Fig. 3. Number of abortions 1960-2013 (1).
In the followong segment we’ll walk through the policy actions in Hungary that resulted important changes in the population.
The first measure in favour of the families with children was taken in 1912, which introduced family allowance for people working in the public sector. In 1938 this was extended to the citizens whose job related to industry or trade. A few years later the agricultural workers benefitted as well, and eventually it became universal (7).
The drop in the number of birth was observable after World War I.
The Article XXIII of 1940 was imperative in boosting the number of large families. Its main objective was to institutionalize the support of households with many children and help the families at the greatest risk to have substantial resources, some land and decent housing (8).
At the beginning of the 1950s Hungary’s fertility rate was moderate, or rather small compared to other countries. This prompted several state measures in order to motivate the families to have more children (4).
In the early ’50s the number of live births became highly concerning. In 1953 the government tried to tackle the issue with stricter rules on abortions and a new tax on couples who didn’t have children. A ban on abortion was in force until 1956, but after the revolution it was abolished, as well as the bachelor tax which had been levied earlier in that year (2).
Upon the start of the next decade the Hungarian fertility rate turned into one of the lowest worldwide. As more and more women started to look for a job, a noticeable percentage of the babies were born by working child-bearers. For the sake of maintaining the willingness towards having more children some compensation was necessary in exchange for the mothers’ foregone income. In 1967 a certain amount of child care allowance was introduced which allowed women to stay at home until the child’s third birthday, enjoying a fix grant for that period of time (4).
In 1973 the extent of the beforementioned contributions had been raised (family allowance, child care allowance).
In 1985 the child benefit was added as further assistance and the already operating subsidies had been incremented once again.
By the year of 1990 the the scale of family support in Hungary became quite remarkable on the European level. In 1991 it worthed as much as the 4.2% of the GDP. In this sense it was the biggest figure in the world at that time (7).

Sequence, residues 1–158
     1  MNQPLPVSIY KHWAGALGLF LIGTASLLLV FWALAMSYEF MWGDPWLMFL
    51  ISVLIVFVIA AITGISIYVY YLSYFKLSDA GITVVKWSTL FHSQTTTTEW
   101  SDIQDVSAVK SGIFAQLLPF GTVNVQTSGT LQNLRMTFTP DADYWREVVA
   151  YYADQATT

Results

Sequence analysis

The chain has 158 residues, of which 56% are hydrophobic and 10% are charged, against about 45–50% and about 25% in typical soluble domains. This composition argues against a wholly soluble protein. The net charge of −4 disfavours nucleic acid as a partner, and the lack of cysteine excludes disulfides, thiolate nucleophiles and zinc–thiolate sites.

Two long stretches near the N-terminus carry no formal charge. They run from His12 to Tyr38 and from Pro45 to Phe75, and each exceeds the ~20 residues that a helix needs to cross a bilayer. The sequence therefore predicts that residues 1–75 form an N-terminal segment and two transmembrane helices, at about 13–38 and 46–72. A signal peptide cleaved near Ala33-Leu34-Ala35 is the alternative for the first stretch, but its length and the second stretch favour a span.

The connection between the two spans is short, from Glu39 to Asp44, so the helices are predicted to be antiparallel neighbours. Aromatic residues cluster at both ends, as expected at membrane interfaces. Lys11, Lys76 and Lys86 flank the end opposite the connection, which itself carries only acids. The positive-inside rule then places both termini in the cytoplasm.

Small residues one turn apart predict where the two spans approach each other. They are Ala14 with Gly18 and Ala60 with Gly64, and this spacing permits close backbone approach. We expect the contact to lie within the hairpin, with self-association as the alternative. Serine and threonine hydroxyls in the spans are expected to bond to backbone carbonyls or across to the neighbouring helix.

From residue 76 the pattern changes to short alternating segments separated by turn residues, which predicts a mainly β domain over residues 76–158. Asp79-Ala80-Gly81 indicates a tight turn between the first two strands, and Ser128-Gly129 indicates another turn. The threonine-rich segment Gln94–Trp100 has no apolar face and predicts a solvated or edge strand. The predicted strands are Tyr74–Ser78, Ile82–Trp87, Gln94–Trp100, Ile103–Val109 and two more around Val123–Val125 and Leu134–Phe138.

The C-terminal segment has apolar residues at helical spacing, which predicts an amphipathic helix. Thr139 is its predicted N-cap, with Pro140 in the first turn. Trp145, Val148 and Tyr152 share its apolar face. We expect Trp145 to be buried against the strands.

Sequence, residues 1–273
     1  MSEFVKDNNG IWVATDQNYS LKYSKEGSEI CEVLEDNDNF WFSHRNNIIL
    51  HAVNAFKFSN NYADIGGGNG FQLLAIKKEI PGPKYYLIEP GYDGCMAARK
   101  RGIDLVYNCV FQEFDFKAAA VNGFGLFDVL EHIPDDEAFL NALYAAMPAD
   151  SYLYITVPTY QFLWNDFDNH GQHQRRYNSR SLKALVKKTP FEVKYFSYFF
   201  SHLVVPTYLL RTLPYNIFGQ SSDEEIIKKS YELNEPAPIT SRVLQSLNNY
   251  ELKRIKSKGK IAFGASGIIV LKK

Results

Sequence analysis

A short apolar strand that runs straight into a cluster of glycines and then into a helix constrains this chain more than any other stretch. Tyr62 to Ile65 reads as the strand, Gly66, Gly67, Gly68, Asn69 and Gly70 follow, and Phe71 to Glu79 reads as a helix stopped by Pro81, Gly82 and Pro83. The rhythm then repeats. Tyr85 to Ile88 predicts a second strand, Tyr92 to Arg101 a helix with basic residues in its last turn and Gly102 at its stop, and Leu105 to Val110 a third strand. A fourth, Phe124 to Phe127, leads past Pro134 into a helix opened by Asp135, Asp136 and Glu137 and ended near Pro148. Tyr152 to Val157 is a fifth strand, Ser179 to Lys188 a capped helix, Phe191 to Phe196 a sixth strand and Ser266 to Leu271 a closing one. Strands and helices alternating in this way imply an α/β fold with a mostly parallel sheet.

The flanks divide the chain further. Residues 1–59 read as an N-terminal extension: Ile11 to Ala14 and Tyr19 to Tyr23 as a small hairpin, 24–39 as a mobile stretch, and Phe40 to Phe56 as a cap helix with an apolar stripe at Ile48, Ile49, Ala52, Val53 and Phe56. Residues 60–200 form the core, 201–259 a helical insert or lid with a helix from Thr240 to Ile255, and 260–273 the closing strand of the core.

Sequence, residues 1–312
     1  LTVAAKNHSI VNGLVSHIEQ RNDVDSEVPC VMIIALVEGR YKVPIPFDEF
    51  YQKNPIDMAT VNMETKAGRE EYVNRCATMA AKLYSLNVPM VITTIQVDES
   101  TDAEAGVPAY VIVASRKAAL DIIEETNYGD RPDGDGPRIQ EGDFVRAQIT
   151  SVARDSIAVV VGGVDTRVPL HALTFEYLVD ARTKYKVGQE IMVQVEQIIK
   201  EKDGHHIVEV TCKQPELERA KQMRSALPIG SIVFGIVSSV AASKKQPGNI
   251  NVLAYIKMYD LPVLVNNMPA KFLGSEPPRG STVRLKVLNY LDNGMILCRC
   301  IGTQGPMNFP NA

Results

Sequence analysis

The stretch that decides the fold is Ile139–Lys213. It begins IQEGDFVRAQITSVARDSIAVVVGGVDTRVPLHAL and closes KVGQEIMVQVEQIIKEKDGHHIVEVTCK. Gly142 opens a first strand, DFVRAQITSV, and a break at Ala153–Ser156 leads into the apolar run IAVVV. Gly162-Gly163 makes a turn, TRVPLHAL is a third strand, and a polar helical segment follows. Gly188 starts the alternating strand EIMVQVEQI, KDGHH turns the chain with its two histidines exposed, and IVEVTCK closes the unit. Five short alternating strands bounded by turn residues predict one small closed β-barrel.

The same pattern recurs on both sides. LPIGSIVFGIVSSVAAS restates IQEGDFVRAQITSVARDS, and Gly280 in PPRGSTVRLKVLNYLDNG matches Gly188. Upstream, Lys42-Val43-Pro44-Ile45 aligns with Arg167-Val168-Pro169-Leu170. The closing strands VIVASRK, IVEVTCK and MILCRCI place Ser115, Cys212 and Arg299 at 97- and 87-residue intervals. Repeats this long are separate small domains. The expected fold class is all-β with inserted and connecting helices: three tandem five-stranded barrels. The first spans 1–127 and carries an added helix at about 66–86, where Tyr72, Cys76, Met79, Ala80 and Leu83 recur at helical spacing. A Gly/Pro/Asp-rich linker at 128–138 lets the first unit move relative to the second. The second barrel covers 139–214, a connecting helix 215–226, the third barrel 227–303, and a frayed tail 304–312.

Later the benefits’ real value has dropped, which prompted the creation of the child-raising allowance in 1994. Its purpose was to ease the difficulties that large families had to bear. This was the time when the system of family support has consolidated into its form we know today. Since the new millennium only some quantitative and slight characteristic changes has been made (fig. 4 and tab. 1).
Fig. 4. Total fertility rate and the umber of live births; major measures related to family and population policy in Hungary between 1949 and 2012 (9).
Table 1. Current allowances and benefits for families with children in Hungary (10).
|Allowances to every parent||Allowances to large families||Means-tested allowances|
|– Pregnancy-maternal assistance, maternal benefit (CSED)|
– Child benefit (GYED)
– Child care allowance (GYES)
– Maternity allowance
– Baby bonds
– Family allowance (CSP)
– Family tax discount
– Child care sick pay
– Time off work in favour of fathers
– Parental leave
– Rest leave
|– Child-raising allowance (GYET)|
– Normative discount for school meals
– Free of charge school-book provision
– Travel discounts
|– General child protection allowance|
– Complementary child protection allowance
– Extraordinary child protection allowance
– Kindergarten allowance
– Housing allowance
– Temporary allowance
In the aftermath of the previous century it became apparent that the financial benefits are not sufficient on their own to substantively increase the attitude to have children. Our research aims at what can be done by healthcare professionals in order to contriubute to moving this forward. Our enquiry was based on the opinions of students. We’ve tried to measure the resources that families with children have, as well as the healthcare services’ (general and specialised) effects on the family planning decisions.
MATERIAL AND METHODS
The empirical basis of our research is a questionnaire, and the special interviews with a particular sample, conducted after the analysis of these surveys. The interviews were recorded at the campus of Semmelweis University Faculty of Health, then using the voice material we documented the answers on paper.